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We will survive coronavirus, but are we prepared for the next public health crisis?

We will survive coronavirus, but are we prepared for the next public health crisis?



Gordon Patterson, Your turn
Published 12:06 p.m. ET Feb. 7, 2020
Li Wenliang, a Chinese doctor who was reprimanded for warning fellow doctors about the initial coronavirus outbreak, has died of the illness.

USA TODAY

“Desperate times require desperate measures.” Hippocrates
Nearly 60 years ago, the late Nobel laureate Sir Peter Medawar defined a virus as “a piece of bad news wrapped in protein.” News of the outbreak of a mysterious viral disease, the coronavirus 2019-n-CoV, in Wuhan, China, has sent shockwaves of fear cascading around the world. The virus is most certainly bad news.
By mid-January, the Chinese government acknowledged the seriousness of the outbreak. Millions of people had passed through Wuhan, spreading 2019-n-CoV around the world. As of Feb. 6, n-CoV has caused 564 deaths and 28,060 worldwide infections with 12 confirmed cases in the U.S. Those numbers already exceed the total number of cases of the 2002-03 outbreak of Severe Acute Respiratory Syndrome (SARS). Isolated cases of this new coronavirus have been identified in 24 countries.
Rest assured, the bad news caused by 2019-n-CoV will grow exponentially worse in the coming weeks.
No Simple Solutions
There is nothing surprising in this. Epidemiologists have long warned of the threat of emerging infectious diseases and pathogens. What makes the 21st century unique is the speed and growing number of pandemics.
The threat posed by emerging infectious diseases and pathogens will not be resolved by simple measures. There are no silver bullets. The question that keeps physicians, medical entomologists, virologists and public health workers awake at night is, “Will this be the big one?” No one knows for sure.
Fortunately, to date, the mortality rate for those contracting 2019-n-CoV appears to be low. Equally important, preliminary reports suggest that the person-to-person transmission rate for this, though greater than SARS or influenza, is significantly less than other infectious diseases such as smallpox and tuberculosis. Viruses, however, are notorious for changing. That is why the director general of the World Health Organization, Dr. Takeshi Kasai, said combating this public health threat is WHO’s highest priority.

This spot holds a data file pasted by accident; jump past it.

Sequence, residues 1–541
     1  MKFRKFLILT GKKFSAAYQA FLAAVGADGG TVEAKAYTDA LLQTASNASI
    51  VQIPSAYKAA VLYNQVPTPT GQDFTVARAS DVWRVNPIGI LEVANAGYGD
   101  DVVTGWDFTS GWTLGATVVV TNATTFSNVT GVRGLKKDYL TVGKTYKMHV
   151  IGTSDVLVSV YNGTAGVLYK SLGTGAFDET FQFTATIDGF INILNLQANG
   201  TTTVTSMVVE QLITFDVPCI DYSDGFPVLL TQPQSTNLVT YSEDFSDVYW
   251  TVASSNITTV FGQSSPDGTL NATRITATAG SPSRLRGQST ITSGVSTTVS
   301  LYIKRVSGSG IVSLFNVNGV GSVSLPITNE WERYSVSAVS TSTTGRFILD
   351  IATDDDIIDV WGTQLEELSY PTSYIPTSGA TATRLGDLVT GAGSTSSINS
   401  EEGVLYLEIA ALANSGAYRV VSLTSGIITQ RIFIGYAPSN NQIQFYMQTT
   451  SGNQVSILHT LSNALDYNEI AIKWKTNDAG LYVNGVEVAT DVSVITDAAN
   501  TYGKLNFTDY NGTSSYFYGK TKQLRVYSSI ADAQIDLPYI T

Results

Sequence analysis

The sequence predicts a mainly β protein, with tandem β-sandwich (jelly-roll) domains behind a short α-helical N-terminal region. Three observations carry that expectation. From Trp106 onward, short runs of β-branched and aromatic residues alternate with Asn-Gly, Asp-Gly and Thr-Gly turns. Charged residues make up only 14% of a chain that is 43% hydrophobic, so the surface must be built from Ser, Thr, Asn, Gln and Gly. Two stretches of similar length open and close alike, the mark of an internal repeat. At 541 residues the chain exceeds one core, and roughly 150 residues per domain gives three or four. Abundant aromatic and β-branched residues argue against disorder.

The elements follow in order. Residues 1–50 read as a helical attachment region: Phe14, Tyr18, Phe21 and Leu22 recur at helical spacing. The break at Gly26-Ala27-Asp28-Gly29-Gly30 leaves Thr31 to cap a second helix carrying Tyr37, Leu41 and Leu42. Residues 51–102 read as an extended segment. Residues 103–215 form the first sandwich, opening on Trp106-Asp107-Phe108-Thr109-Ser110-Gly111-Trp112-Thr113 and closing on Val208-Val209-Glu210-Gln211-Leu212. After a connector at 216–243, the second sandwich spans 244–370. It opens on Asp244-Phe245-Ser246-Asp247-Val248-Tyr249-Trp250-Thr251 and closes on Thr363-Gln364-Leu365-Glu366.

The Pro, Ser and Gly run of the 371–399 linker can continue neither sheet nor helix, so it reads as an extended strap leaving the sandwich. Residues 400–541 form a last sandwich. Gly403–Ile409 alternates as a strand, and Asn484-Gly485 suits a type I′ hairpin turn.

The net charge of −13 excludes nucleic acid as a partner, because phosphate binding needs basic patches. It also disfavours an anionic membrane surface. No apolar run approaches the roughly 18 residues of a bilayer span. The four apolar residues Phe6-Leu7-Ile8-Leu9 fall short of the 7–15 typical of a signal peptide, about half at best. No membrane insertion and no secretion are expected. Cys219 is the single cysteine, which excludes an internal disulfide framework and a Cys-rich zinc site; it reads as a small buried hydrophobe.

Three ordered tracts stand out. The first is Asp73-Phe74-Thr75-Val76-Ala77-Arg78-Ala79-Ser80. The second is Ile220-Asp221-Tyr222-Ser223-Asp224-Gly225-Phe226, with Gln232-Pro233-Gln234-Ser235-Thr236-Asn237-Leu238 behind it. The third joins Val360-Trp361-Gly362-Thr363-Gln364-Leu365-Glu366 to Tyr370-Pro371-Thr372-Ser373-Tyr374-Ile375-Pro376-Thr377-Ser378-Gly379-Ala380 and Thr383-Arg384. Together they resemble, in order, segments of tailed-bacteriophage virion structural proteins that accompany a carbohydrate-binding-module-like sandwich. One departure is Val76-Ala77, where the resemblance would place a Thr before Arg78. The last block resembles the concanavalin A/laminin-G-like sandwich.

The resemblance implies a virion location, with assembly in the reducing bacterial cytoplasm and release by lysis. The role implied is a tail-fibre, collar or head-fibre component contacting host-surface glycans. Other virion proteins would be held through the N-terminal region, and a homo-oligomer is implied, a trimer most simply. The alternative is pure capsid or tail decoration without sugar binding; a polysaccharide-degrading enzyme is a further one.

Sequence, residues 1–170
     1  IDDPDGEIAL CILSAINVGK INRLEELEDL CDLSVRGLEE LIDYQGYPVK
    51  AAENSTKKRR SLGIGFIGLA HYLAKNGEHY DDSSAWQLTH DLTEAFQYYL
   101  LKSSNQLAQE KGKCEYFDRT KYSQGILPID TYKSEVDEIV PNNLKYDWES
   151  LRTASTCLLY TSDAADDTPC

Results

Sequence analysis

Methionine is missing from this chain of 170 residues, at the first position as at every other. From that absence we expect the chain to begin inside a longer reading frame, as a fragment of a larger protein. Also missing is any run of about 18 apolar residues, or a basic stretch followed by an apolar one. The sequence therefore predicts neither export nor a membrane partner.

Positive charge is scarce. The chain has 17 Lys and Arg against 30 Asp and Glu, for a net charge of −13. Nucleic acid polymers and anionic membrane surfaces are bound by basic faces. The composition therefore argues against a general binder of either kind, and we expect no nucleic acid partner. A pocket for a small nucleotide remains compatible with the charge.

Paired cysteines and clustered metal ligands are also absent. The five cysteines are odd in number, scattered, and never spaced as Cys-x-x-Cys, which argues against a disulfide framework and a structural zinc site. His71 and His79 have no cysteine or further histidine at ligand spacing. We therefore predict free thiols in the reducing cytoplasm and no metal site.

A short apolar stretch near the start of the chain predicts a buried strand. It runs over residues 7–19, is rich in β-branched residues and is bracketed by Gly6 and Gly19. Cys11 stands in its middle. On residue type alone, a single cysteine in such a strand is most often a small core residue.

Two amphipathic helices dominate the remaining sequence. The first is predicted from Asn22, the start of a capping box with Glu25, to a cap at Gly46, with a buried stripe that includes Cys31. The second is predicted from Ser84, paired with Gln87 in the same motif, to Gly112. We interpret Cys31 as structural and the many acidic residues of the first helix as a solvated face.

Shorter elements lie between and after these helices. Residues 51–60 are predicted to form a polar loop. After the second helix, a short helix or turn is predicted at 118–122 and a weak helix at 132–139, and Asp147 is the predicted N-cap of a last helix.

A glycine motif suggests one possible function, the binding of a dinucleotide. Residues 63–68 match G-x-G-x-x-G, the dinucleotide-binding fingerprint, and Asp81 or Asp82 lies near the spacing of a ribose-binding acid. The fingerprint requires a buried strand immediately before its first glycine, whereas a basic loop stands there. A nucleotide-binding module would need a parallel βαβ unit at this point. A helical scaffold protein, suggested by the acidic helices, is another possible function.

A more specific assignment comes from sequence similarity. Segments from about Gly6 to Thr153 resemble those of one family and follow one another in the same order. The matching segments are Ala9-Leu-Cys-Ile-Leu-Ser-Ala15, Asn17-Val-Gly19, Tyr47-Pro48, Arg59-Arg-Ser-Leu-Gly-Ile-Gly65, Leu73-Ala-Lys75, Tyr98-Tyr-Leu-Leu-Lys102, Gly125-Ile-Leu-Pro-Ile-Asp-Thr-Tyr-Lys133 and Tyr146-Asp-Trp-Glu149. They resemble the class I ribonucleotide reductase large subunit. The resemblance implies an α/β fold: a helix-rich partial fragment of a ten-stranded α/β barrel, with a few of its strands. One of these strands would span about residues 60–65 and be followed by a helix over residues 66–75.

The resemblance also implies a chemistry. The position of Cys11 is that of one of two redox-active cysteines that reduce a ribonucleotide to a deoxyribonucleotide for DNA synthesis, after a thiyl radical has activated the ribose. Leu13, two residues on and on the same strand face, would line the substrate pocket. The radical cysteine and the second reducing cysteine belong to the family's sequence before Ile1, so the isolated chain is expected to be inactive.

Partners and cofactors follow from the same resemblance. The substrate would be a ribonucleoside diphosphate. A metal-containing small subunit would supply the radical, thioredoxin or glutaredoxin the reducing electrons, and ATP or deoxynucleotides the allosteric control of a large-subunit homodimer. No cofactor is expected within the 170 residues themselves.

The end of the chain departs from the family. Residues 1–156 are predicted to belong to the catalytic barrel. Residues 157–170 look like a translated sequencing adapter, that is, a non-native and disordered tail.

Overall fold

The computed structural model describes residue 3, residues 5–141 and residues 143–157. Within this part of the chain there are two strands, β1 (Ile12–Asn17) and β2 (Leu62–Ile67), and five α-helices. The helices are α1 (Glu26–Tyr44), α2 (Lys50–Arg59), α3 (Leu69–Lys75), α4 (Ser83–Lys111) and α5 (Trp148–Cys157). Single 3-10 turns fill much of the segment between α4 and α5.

The new Cold War
The 2019-n-CoV belongs to the family of coronaviruses that include the common cold. Seventy-three years ago, Bernard Baruch coined the phrase “cold war” to describe the increasingly chilly relations between the United States and the Soviet Union. American scientists, medical researchers and academicians must take the lead in waging a new cold war against emerging pathogens, vector-borne diseases and antibiotic-resistant infections.
Sadly, there is scant evidence that our political leaders recognize this existential threat. In 2018, 12% of the CDC’s annual budget was devoted to the Prevention and Public Health Fund. This is a proverbial “drop-in-the-bucket.”
The nonprofit Trust for America’s Health reported that since its inception in 2010, the CDC’s Prevention and Public Health Fund has experienced $11.85 billion in funding cuts. The National Association of County and City Health Officials noted in a recent report that President Trump’s proposed FY 2020 budget “includes extreme cuts in public health programs and priorities.”
Particularly noteworthy in the President’s budget proposal was a $103 million reduction in funding for public health measures directed at emerging and zoonotic infectious diseases. Even more troubling was the President’s decision to slash $187 million from research on core infectious diseases and cut $31 million from the CDC’s Antibiotic Resistance Initiative.
For now, all that most of us can do about the coronavirus 2019-n-CoV is remember not to panic, and to be sure to wash our hands and cover our noses when we sneeze. We can also, however, in this election year demand that our political leaders allocate the needed funds for research and disease prevention. Globalization, climate change, population growth and urbanization will produce a cascade of health challenges in the coming decades.
We will survive 2019-n-CoV. The larger question is, will we be prepared for the next public health crisis and the one after that?
Hippocrates was right. Desperate times require desperate measures. What measure could be more vital in these desperate times than for President Trump and Congress to look beyond their partisan factionalism and make a sustained, substantial commitment to protecting Americans’ health?
Gordon Patterson is a professor of history at Florida Institute of Technology. He is a specialist in environmental history and the author of the “Mosquito Wars” (University Presses of Florida) and “The Mosquito Crusades” (Rutgers University Press), two widely acclaimed studies of vector-borne diseases and mosquito control
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